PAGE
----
Now imagine the ship next to ours. The night was just beginning with the cool ocean breeze blowing across the pool deck and the music cranked up to its max. Those other passengers were over there relaxing by the pool or sitting on their balcony, looking at the MSC Poescia and a heavy-metal band performing on the deck.
People were hanging over the rails across the water trying to get a listen to Death Punch giving everyone on ShipRocked the show of their lives, and creating the largest pit of the trip up to this point. Pretty awesome moment.
Page Hamilton of Helmet
Once the first concert was over, passengers had a little time to relax or grab some dinner before the rest of the night's shows. At around 9 p.m. Pop Evil entertained the crowd with their second set of the cruise on the Deck Stage while at nearly the same time, Helmet began their first down in the Zebra Lounge.
Helmet was a famous underground metal band in the '90's, and is still putting out albums today. This was many people's first time to get to see them live, though, and they made it well worth the wait, beginning with the song "Role Model" from 1992's Meantime.
It took no time for the few hundred people who could fit in the lounge to get into it and sing along with vocalist Page Hamilton. Not only did they play a good set spanning the past 20 years, but Hamilton brought a friend and former drummer onstage to do a song. Fans of Rob Zombie, Testament, Exodus, and currently the Cult would certainly recognize John Tempesta's hard-hitting skills.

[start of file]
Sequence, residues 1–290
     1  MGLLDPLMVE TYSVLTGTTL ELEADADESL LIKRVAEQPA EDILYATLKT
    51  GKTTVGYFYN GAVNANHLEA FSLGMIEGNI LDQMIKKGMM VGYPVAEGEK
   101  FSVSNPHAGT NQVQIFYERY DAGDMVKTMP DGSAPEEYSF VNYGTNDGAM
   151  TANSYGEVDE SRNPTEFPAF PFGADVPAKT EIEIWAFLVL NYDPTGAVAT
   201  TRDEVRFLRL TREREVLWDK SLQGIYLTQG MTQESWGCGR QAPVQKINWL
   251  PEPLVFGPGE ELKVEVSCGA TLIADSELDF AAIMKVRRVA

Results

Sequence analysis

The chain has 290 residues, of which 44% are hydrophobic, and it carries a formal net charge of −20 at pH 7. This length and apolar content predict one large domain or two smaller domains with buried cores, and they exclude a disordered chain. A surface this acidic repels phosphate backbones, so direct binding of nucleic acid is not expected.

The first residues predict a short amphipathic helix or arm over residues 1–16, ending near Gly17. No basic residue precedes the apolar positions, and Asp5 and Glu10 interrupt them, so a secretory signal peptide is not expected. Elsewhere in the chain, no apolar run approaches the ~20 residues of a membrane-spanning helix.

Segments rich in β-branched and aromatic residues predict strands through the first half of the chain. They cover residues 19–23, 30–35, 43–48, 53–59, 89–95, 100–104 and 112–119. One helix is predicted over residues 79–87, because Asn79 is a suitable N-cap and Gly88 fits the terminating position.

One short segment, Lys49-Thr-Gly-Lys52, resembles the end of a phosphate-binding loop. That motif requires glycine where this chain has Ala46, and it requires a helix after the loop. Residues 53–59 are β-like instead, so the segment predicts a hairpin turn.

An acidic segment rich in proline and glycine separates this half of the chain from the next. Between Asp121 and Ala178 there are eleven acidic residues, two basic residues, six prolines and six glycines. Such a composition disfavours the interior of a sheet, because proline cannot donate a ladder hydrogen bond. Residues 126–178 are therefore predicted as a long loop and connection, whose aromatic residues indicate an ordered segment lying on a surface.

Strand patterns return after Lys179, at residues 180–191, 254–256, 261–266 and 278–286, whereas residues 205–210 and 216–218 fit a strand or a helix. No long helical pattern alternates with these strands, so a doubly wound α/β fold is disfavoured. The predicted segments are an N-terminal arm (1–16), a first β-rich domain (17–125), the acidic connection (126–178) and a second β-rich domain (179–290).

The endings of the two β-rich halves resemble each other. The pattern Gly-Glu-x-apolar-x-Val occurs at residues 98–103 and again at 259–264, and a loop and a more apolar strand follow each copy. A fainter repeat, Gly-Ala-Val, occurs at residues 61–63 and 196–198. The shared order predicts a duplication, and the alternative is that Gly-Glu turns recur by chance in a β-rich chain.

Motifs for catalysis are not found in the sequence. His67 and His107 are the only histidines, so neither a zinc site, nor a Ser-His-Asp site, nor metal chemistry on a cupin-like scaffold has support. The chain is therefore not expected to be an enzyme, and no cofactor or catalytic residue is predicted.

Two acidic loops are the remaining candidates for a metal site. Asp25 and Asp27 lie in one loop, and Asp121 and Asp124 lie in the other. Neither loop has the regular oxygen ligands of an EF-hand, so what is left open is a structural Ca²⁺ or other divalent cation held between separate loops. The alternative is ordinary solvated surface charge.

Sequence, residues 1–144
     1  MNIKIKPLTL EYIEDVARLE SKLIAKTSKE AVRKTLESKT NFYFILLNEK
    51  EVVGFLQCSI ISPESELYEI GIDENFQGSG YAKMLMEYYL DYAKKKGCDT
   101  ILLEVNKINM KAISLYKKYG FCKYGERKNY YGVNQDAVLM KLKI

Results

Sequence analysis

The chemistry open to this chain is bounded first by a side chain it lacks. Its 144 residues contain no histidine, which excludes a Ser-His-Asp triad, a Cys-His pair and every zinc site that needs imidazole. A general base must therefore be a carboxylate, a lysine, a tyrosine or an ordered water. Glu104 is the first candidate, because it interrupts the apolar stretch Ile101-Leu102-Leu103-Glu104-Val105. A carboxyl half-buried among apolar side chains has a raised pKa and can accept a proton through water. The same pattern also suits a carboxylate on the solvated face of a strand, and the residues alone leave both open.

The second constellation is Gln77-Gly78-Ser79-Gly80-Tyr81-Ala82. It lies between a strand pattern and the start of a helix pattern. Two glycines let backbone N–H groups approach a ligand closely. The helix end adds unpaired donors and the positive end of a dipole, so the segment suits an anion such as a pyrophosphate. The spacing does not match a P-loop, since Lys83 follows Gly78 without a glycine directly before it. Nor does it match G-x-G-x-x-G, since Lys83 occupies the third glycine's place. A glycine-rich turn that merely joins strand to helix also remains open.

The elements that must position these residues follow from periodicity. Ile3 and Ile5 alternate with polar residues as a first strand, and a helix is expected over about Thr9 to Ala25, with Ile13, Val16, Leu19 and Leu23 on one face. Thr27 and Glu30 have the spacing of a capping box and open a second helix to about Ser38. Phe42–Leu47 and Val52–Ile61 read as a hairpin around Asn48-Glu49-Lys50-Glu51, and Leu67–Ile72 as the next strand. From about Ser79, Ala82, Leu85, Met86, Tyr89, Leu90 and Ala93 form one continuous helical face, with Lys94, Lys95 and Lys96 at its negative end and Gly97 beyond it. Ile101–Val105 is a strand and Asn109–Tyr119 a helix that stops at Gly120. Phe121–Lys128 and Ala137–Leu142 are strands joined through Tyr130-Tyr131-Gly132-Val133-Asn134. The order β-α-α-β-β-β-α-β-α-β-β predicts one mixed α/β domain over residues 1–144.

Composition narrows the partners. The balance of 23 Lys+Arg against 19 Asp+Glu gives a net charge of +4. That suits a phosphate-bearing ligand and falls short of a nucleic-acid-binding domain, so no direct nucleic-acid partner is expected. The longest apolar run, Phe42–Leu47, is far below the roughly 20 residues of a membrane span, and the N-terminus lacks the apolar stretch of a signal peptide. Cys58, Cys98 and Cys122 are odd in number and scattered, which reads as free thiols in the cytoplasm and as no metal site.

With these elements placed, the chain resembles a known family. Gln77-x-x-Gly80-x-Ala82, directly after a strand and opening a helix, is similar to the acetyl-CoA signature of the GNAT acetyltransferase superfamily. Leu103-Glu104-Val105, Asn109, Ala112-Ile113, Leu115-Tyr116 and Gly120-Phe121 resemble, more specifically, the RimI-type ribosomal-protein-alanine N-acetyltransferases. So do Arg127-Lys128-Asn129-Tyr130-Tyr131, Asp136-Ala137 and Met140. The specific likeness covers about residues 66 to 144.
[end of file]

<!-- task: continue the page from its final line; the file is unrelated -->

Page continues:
A little later, Lit put on another splendid drunken set, and Gilby Clarke and Andy Wood also performed throughout the night in the different lounges. The main concert of the evening, though, was Godsmack the Carlos Felice Theater. The first night of the cruise they performed a very cool acoustic set. This time around we were getting the uber-loud side of Godsmack everyone was there to see. Backdrop up, lights down, Godsmack hit the stage with "Re-Align" from their Faceless album.
Clad in a trucker hat and bare feet, vocalist Sully Erna seemed like a giant onstage as he performed a hell of a show, with many audience members singing every song with him, sometimes louder. Drummer Shannon Larkin amazed everyone with a solo, and Erna joined in on percussion in a smaller version of the drum wars they usually have on the big stage.
It was loud. Ears were ringing and hearts were pounding as Godsmack finished up their final show of the cruise.
The last concert of the night was supposed to be Filter out on the main deck stage, but due to the quick storm that had blown through earlier, they were forced to postpone until the following day. The night continued with deck parties, late snacks at the 24-hour buffet, and whatever else people could find to do to continue the party.
With nearly a dozen more concerts and two more meet-and-greets scheduled, Friday would be a day to sleep in some, enjoy the splendor of the ocean, or jam out to more music.